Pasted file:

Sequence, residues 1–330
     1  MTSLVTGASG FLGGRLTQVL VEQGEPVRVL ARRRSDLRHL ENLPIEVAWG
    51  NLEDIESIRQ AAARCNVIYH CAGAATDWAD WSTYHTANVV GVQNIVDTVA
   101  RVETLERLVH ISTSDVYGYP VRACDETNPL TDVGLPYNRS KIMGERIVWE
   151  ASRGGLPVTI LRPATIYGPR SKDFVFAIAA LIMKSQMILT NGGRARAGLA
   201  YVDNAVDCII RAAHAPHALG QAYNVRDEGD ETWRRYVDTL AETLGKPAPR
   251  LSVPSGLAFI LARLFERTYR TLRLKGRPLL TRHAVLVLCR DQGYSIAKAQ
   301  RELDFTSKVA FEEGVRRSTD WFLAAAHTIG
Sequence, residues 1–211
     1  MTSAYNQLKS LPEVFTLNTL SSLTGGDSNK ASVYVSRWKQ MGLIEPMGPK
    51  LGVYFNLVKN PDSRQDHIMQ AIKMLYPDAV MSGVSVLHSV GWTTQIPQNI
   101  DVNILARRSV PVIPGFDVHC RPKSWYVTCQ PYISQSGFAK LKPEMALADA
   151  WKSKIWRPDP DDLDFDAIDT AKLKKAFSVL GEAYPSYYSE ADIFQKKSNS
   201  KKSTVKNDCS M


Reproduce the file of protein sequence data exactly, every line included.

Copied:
Sequence, residues 1–330
     1  MTSLVTGASG FLGGRLTQVL VEQGEPVRVL ARRRSDLRHL ENLPIEVAWG
    51  NLEDIESIRQ AAARCNVIYH CAGAATDWAD WSTYHTANVV GVQNIVDTVA
   101  RVETLERLVH ISTSDVYGYP VRACDETNPL TDVGLPYNRS KIMGERIVWE
   151  ASRGGLPVTI LRPATIYGPR SKDFVFAIAA LIMKSQMILT NGGRARAGLA
   201  YVDNAVDCII RAAHAPHALG QAYNVRDEGD ETWRRYVDTL AETLGKPAPR
   251  LSVPSGLAFI LARLFERTYR TLRLKGRPLL TRHAVLVLCR DQGYSIAKAQ
   301  RELDFTSKVA FEEGVRRSTD WFLAAAHTIG
Sequence, residues 1–211
     1  MTSAYNQLKS LPEVFTLNTL SSLTGGDSNK ASVYVSRWKQ MGLIEPMGPK
    51  LGVYFNLVKN PDSRQDHIMQ AIKMLYPDAV MSGVSVLHSV GWTTQIPQNI
   101  DVNILARRSV PVIPGFDVHC RPKSWYVTCQ PYISQSGFAK LKPEMALADA
   151  WKSKIWRPDP DDLDFDAIDT AKLKKAFSVL GEAYPSYYSE ADIFQKKSNS
   201  KKSTVKNDCS M